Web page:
• Finally was the demonstration for Soke Sensei – performing a section of Ganfu no Kata.  This is the family kata which is said to be some 45 minutes long.  It was interesting to see him perform this kata again, as I have some footage of him performing the same section from the 1989 Soke Cup (my first Soke Cup).  It is incredible to see how much his karate has grown and developed over the last 19 years.  It just leaves me wondering how on earth it is possible to become so good at anything, let alone something as so incredibly complex as Chito-Ryu.

The demonstrations complete, the finals began.  I didn’t really watch the light weight finals as I wanted to focus on what I was doing.  Eventually I was up.  To be honest I can’t really remember very much of what I did except that there were some very solid punches at both ends.  I quickly learned that chudan mawashi geri is not a good idea, as it is very easy to catch even if you manage to make good  contact.  At the end of normal time, neither of us had scored.  So we went into extra time.  We were both getting tired, but still we fought on, there was some very heavy contact but neither of us would take a step back.  At the end of extra time, still no score.  Normally this would mean a decision would be made, but not in kakedameshi, 2nd extra time.  Somehow we were both still standing, just.  The fight continued, not quite as many techniques were being thrown, but we still had to be careful.  In the end, still no points scored, this time it went to hantei and the referees had to decide the winner.  I was fortunate to get through to the final.

Before the final, Justin Rybie  Sensei and Hirose Sensei fought for 3rd place.  After the epic battle with me, Justin did well to get back up again so quickly.  In the earlier rounds, Hirose Sensei let go some very powerful leg quicks, which I heard that he had been training by breaking baseball bats with his shin.  In his fight for 3rd place he didn’t let any of these go, not that I saw anyway.  In extra time he decided to change it up a bit and let one go to the head, which was one of the best techniques of the tournament.  With that, the fight was over and I was up against Mitchell German Sensei.

It’s kind of funny how we both ended up in the final, given that our competition history is so similar.  He too has competed at WKF world championships and several Soke Cups and now we meet in the kakedameshi, both of us for the first time competing in this style of competition.  At first we were both very hesitant to move, I found that he had a very good sense of distance and he moved very well, which made it difficult for me to line up a good attack.  After normal time, we again went into sudden death over time.  Early on in extra time I slipped in a head kick which seemed to rattle him a bit, but it wasn’t enough to score.  A little further along, we both punched, very solidly, almost simultaneously.  I thought I was in first and so did one of the referees, but the head referee saw differently.  Mitchell Sensei was awarded the point and the match was over. Hare are a few random photos.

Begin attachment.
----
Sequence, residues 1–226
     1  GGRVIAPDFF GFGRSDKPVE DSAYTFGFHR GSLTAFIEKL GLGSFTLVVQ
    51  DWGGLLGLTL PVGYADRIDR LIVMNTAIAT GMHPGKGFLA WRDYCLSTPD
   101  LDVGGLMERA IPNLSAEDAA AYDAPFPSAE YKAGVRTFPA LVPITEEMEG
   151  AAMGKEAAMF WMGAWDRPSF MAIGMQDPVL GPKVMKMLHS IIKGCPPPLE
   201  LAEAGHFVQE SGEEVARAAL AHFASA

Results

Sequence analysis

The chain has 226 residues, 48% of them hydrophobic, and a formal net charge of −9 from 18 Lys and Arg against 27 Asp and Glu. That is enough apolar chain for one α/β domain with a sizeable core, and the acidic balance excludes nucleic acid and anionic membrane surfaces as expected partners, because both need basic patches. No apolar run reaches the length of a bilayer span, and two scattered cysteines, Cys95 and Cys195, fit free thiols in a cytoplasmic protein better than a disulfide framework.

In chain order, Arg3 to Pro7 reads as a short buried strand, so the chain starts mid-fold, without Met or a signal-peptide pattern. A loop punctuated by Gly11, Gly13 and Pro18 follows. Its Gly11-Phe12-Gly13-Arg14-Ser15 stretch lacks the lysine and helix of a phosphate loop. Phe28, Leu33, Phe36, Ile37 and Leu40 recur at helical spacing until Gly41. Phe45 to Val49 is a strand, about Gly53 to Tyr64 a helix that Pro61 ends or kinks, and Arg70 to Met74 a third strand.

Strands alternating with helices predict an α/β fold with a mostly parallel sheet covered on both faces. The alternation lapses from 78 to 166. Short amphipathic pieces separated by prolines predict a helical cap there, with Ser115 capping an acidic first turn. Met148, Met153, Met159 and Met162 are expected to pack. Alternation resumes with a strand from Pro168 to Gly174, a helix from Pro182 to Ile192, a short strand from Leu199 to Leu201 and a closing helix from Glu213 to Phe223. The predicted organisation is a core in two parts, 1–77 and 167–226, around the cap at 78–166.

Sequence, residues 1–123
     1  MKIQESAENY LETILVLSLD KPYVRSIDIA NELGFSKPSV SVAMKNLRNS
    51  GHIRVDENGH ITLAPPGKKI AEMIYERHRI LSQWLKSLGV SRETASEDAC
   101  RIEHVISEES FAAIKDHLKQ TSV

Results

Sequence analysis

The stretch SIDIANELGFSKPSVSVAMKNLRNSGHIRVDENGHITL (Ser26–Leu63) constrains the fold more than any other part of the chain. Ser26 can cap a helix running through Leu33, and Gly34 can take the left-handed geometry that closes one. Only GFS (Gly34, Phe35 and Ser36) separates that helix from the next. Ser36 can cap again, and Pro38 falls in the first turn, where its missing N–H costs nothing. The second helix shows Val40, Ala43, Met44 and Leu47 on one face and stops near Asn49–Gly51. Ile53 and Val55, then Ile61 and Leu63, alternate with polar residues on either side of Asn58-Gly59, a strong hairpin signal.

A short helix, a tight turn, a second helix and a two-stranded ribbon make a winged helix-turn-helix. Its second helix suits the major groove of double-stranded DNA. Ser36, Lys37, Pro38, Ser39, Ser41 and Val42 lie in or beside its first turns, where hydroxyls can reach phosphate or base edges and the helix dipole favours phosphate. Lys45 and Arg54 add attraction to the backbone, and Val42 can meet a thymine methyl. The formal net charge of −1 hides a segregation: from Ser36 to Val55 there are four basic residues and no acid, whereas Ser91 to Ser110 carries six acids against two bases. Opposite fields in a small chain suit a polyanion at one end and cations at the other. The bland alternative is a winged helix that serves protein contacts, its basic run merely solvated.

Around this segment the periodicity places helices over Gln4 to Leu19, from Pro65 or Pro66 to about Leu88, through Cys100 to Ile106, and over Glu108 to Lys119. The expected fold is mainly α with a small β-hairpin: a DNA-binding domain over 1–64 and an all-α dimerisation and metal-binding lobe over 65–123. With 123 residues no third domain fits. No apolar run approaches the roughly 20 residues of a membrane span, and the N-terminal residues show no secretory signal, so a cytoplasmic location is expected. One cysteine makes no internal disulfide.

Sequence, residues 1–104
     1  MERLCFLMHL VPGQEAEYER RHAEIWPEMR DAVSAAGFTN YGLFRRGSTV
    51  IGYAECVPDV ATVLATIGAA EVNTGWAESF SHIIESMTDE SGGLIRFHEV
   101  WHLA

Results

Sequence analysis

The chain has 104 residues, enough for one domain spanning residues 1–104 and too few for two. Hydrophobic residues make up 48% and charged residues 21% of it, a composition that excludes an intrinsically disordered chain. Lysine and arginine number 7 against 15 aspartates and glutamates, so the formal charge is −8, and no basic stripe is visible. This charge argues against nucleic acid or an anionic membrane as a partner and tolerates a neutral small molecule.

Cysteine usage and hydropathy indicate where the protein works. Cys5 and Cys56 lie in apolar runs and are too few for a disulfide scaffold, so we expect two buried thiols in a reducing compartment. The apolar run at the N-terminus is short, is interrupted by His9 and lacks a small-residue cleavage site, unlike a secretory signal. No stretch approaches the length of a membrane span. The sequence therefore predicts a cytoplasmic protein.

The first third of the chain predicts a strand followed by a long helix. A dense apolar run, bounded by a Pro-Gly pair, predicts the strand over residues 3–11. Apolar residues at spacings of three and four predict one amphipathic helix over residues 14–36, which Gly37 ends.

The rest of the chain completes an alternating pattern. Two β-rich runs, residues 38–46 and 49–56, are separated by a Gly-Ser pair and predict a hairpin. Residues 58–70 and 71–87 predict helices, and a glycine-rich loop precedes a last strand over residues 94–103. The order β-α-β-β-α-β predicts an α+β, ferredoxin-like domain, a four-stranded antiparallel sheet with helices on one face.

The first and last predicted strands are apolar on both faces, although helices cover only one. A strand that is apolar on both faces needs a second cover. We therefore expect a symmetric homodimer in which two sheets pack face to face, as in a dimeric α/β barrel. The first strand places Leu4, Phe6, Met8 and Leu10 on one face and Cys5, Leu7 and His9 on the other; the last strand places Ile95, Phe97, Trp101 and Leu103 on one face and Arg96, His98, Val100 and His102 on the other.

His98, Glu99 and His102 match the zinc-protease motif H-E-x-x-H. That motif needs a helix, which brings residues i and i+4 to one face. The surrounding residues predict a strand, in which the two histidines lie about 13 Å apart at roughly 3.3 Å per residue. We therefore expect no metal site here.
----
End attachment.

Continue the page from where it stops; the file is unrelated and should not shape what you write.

While it would have been nice to win, I had a ball.  Not having competed since the 2004 Soke Cup, it was great to get back into it, especially in a tournament like this.  Much like me, Justin Sensei was also grinning from ear to ear loving every moment.

This being the final match, all competitors once again marched out onto the mat for the presentations.  In the light weight division, last year’s winner had backed up to win again.  This was the first time in the 10 year history of the kakedameshi that the event had been one by the same person in back to back events.  First, second and third place were each awarded medals and huge trophies, and first place also received a huge cup.  Following presentations, were photos. I don’t have any copies of them yet, but here are a few photos from the presentations.




Then it was all over, the tournament venue was packed up in record time and we were out the door.  We got a ride back to the hotel with a little bit of time to shower and change ready for the celebration dinner that evening.

With the festivities going on at Kumamoto Castle, the city was very lively, with people everywhere.  The venue for the dinner was on the 5th floor of a building, looking up towards the Castle.  It was quite a dark night, but the candles on the river bank and the moonlight on the castle made a beautiful backdrop.  Dinner was a very traditional Japanese meal, lots of fish and various other dishes brought out one ofter another.  Dinner was great, speaches were a little long winded, but everyone was recognised for the efforts including those who had organised the event, visiting intructors from overseas and everyone who had passed gradings the day before.

Throughout the night, I got the chance to speak with Keiichiro Oda Sensei.  A young man who had come to the Sunshine Coast 3 years earlier when our daughter Sam was born to help assist with teaching.  He had entered in the kakedameshi, but was knocked out in the first round.  His younger brother was the winner of the light weight division.  After the dinner a few of the Aussies went back to the Ten Gallon Izakaya, a Japanese style bar with a country and western theme, owned by Keiichiro’s uncle.  Fortunately it was a quite night at the bar, because we took over and enjoyed catch up with Keiichiro and his family.  I don’t normally drink but I relaxed with a few glasses of shochu.  After a bit more of a feed we wandedered back to the hotel for some much needed rest.

If I remember correctly, it was about 1:00am by the time I got back to the hotel but I switched the computer on, on the off chance that Sandra was still awake.  Fortunately she was, as I was really missing her along with Sam and Steven.  After about an hour or so of Skype, I eventually made it to bed.  Fortunately the next day had a later start, with the international clinic scheduled after lunch from 1:00-5:00pm.  Even though it was a late start, I still needed sleep.  Once I finally got to bed, it didn’t take long to crash.